The old church in Flaunden.   In 1814 it was partly inhabited by poor families; services were sometimes still held in its ruins up to the 1930s.
The old church in Flaunden. In 1814 it was partly inhabited by poor families; services were sometimes still held in its ruins up to the 1930s.

The village of Flaunden boasts many listed buildings and fine walks.

The first approach to the village from Latimer is dramatic – after travelling along Flaunden Bottom alongside the remains of an old Roman Road, whose dykes can just be made out on the south side, visitors pass up Flaunden Hill, overshadowed by trees, giving the impression of travelling up a rabbit-hole.

A scene from the past in Flaunden village.  (Courtesy of Mrs Macgregor)

A scene from the past in Flaunden village. (Courtesy of Mrs Macgregor)

At the top of the hill, a large wooden dragon peers over the hedge from the garden of the Green Dragon, which dates in part from the 17th century.

The two front rooms were added in 1838, coincidentally the same year as the nearby church was built.

It is suggested that a ghost, clad in a grey cloak, prowls the village. Legend has it that two travellers once saw the ghost, and were so terrified that they dared not leave the pub for several hours. That, at least, was their excuse!

The Green Dragon has played host to other notorious characters – it was there that the infamous traitor, Guy Burgess, was last seen before defecting to the Soviet Union.

On the corner opposite the church is the Old School House, now a private residence. It used to be an infant school with governesses teaching children up to the age of eight, before they moved on to either Chenies or Latimer.

Ruth Cheshire remembers sleeping at the School House, listening to owls hoot in the churchyard, and that her morning task was to cook governess Mrs Baker a rasher of bacon by toasting it in front of the fire instead of frying it!

She also recalls that boys wore dresses until they were about four years old and when they got their first pair of trousers they were ‘britched’ – at last becoming boys officially!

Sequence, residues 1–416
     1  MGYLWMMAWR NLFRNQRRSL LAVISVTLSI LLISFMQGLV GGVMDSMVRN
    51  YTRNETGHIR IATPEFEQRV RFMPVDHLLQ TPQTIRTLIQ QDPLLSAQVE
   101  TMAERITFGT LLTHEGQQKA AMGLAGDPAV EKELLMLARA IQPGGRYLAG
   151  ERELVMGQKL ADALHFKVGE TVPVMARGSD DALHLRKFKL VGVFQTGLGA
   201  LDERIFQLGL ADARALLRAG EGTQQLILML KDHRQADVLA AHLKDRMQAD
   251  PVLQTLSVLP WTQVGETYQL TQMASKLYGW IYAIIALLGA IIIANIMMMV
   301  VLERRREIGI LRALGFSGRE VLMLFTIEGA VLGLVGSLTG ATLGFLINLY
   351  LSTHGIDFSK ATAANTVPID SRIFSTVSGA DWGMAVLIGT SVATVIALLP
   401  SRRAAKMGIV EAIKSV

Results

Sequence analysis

The old village hall also became a private house when a new village hall was built in 1972.

Sharlowes Farm in the centre of the village, no longer an active farm, had a fine 18th century wooden barn.

Ruth remembers the adventure of collecting milk, which cost a halfpenny, when “a barking dog on a long chain had to be passed, and a group of hissing geese followed at our heels”.

The farmhouse itself is one of the oldest buildings in the village and was originally a late medieval ‘hall house’. It has an exterior of red brick, and some historic wall paintings which were found on the interior walls.

Across the road is Oak Cottage, another medieval house, which has some extremely fine beams.

Ruth Cheshire remembers getting water from the pump at the back of Oak Cottage, which was worked by a horse before a piped water supply was laid on to the village in about 1903.

Another of the older buildings is Granary Cottage on the crossroads, said to have been a grain store for Sharlowes Farm in the late 17th century.

Across the crossroads is a fine line of cottages which were built in the 18th and 19th centuries to house farm workers. There was also a post office and shop, but it closed in 1975.

Flaunden House, at the far end of the village, was, until 1907, a thriving bakery and shop, where Ruth Cheshire’s father worked.

When the shop was not using the ovens, villagers made use of the residual heat to cook joints, cakes and cherry pies. It was this shop which provided a gathering place for the young people around the turn of the century.

Returning to the crossroads, a southward turn brings you to the new village hall, used for functions by people from within and without the village.

It stands alongside the playing fields, with a football pitch and swings for the children.

Recently, trees have been planted around the playing fields, which were won by the village for regularly being well placed in the best kept village competition. However, many of these trees have been vandalised.

A northward turn at the crossroads leads into Birch Lane, with Copse Cottage on the right. Further up on the right, is the Baptist Chapel which was built in 1831, thus pre-dating the new village church.

The village was served by lay preachers until 1985, when the congregation was amalgamated with Bovingdon. The chapel is now a private house, although the graveyard remains open.

Moving on to the next crossroads, a right turn reveals Flaunden’s other pub, the Bricklayers’ Arms.

The pub is popular with both locals and visitors and its outside seats are often crowded on summer evenings with families relaxing in the sun.

Cricket matches were once played between the two village pubs – and there was fierce rivalry to recruit the best players!

On the other side of the crossroads, lies Hogs Pit Bottom, or, as some say, Hogpits Bottom.

This road is thought to derive its name from the pits where ‘hoggin’ was dug up to form the base of roads.

Flaunden is still home for many of the families who have lived and worked in the area for generations and it is now also home for many new people.

The village is very different from the days when German bands and dancing bears gathered at the crossroads, as remembered by Ruth Cheshire.

Originally written by Andrew M. Macgregor, June 1988, up-dated by Robin Leach in August 2012 and reproduced by courtesy of Bridget Macgregor and Robin Leach. The booklet on the history of both church and village is available from St Mary Magdalene Church, Flaunden, price £1.